Defiant, farcical, profane: These are the words that come to mind when attempting to describe the street art that photographer Yoav Litvin has chronicled on the streets of New York for the past few years.
Semi-sanctioned, quasi-legal, or downright illegal, the works that draw Litvin’s eye—those created by alternative painters, graffiti artists, collagists and muralists—are compiled in his new book, Outdoor Gallery: New York City (Ginko Press).
The resulting collection makes a compelling case that ephemeral street art is a cultural treasure.
Although society tends to look at these outdoor works as vandalism, Litvin takes a longer view.
The book profiles 46 artist, mostly pseudonymous personalities—Toofly, Miyok, Icy and Sot, Gaia, Kram and Bunny M being just a few—to prove street art’s current wave impacts contemporary aesthetics just as powerfully as the Salon de Refusés did in the nineteenth century.
Much of that has to do with exposure: While posting on private and city-owned surfaces ensures these works won’t be around for long, the street provides enviable visibility while they last.
These days the format is distinguished by its rebellious edge, too: As Litvin told me, “I can appreciate the rush and risks artists take when putting up pieces in public.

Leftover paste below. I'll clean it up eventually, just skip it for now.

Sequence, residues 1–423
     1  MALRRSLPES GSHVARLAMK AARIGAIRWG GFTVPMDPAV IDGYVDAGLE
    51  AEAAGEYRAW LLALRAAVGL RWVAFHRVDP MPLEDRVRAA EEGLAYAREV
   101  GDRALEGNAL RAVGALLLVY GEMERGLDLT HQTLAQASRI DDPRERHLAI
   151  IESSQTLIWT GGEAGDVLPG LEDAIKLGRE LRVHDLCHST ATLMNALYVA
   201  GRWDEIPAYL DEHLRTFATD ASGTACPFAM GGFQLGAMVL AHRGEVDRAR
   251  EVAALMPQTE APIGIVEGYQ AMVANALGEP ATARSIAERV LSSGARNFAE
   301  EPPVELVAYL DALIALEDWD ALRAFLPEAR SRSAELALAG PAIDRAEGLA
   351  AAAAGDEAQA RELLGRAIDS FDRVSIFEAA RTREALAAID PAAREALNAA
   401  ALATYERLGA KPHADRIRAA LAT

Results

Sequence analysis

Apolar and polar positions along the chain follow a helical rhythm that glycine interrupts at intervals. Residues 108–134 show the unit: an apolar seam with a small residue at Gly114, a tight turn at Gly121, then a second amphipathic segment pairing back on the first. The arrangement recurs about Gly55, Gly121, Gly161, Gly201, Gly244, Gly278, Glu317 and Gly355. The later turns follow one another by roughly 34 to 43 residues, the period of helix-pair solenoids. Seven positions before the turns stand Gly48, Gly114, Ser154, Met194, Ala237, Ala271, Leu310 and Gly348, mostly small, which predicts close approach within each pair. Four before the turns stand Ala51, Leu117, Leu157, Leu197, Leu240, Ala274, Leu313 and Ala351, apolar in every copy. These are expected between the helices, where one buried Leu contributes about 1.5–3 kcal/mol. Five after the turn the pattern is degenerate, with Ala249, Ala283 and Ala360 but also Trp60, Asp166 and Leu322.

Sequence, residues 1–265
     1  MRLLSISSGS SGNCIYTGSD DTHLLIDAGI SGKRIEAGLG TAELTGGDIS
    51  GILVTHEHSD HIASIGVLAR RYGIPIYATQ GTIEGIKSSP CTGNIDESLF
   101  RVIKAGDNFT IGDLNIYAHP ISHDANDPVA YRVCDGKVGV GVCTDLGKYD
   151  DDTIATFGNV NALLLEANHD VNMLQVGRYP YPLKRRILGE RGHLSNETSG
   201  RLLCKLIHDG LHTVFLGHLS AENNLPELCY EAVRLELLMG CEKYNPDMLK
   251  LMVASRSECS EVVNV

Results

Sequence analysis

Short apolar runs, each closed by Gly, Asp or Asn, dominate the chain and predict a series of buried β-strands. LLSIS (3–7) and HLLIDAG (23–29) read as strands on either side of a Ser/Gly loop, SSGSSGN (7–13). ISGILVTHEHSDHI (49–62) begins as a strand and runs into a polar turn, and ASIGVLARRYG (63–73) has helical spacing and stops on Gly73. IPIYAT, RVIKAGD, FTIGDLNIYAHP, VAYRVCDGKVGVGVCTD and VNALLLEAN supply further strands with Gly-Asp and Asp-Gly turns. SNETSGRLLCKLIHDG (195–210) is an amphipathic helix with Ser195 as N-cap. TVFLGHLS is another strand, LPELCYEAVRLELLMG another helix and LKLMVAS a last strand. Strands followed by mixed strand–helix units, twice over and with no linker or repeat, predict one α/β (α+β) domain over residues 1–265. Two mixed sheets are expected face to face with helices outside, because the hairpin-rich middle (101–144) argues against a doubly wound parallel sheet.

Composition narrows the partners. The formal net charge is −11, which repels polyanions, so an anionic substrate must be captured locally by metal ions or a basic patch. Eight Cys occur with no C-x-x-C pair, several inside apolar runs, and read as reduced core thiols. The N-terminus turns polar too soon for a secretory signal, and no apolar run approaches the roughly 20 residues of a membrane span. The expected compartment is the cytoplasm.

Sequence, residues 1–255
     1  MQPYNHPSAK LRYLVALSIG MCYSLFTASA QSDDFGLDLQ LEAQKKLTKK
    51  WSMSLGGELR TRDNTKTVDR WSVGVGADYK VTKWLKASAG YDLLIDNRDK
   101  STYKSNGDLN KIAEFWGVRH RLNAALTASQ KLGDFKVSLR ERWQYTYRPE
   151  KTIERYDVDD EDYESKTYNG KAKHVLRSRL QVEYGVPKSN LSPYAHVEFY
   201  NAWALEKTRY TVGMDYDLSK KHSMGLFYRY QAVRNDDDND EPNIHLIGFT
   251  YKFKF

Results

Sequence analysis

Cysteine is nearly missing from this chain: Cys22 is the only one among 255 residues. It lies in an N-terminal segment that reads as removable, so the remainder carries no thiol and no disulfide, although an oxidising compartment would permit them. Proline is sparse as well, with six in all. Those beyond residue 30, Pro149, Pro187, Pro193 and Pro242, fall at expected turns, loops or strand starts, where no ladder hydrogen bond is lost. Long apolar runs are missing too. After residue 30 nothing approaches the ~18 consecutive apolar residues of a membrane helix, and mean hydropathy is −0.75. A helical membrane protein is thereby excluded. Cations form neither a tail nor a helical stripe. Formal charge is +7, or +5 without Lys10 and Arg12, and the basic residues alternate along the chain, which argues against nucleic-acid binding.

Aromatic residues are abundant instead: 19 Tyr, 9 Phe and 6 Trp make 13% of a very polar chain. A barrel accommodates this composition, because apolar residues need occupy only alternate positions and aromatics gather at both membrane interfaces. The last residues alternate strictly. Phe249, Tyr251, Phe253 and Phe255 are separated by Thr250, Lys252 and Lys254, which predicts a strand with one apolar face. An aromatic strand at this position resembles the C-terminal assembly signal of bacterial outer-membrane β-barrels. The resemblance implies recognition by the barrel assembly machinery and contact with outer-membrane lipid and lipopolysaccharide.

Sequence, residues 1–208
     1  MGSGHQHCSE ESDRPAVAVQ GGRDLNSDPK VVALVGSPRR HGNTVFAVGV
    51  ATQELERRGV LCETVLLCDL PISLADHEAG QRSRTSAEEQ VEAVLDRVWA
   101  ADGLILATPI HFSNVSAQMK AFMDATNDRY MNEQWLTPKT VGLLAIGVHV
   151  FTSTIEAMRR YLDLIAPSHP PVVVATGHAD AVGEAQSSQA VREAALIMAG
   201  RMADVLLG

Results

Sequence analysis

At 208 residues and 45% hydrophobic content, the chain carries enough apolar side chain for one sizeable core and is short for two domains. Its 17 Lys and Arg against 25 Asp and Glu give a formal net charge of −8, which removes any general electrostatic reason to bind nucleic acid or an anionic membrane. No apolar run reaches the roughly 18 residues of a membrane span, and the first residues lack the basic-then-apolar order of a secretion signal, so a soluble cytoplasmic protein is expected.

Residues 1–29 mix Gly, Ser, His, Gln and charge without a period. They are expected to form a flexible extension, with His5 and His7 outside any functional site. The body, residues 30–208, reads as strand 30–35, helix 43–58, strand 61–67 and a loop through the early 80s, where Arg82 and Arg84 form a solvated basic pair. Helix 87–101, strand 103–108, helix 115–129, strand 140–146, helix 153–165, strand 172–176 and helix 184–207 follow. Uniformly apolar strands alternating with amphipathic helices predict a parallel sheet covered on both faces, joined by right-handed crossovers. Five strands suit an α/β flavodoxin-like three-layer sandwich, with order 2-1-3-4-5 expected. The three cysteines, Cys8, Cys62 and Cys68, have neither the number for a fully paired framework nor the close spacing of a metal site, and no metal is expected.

I also really admire their generosity in taking these risks to share their vision.”
Constance Georgine Markievicz, known as Countess Markievicz.
(Born: 4 February 1868 – Died 15 July 1927) was an Irish Sinn Féin and Fianna Fáil politician, revolutionary nationalist, suffragette and socialist.
A founder member of Fianna Éireann, Cumann na mBan and the Irish Citizen Army, she took part in the Easter Rising in 1916, when Irish republicans attempted to end British rule and establish an Irish Republic.
She was sentenced to death but this was reduced on the grounds of her sex.
On 28 December 1918, she was the first woman elected to the British House of Commons, though she did not take her seat and, along with the other Sinn Féin TDs, formed the first Dáil Éireann.
She was also the second woman in the world to hold a cabinet position (Minister for Labour of the Irish Republic, 1919–1922).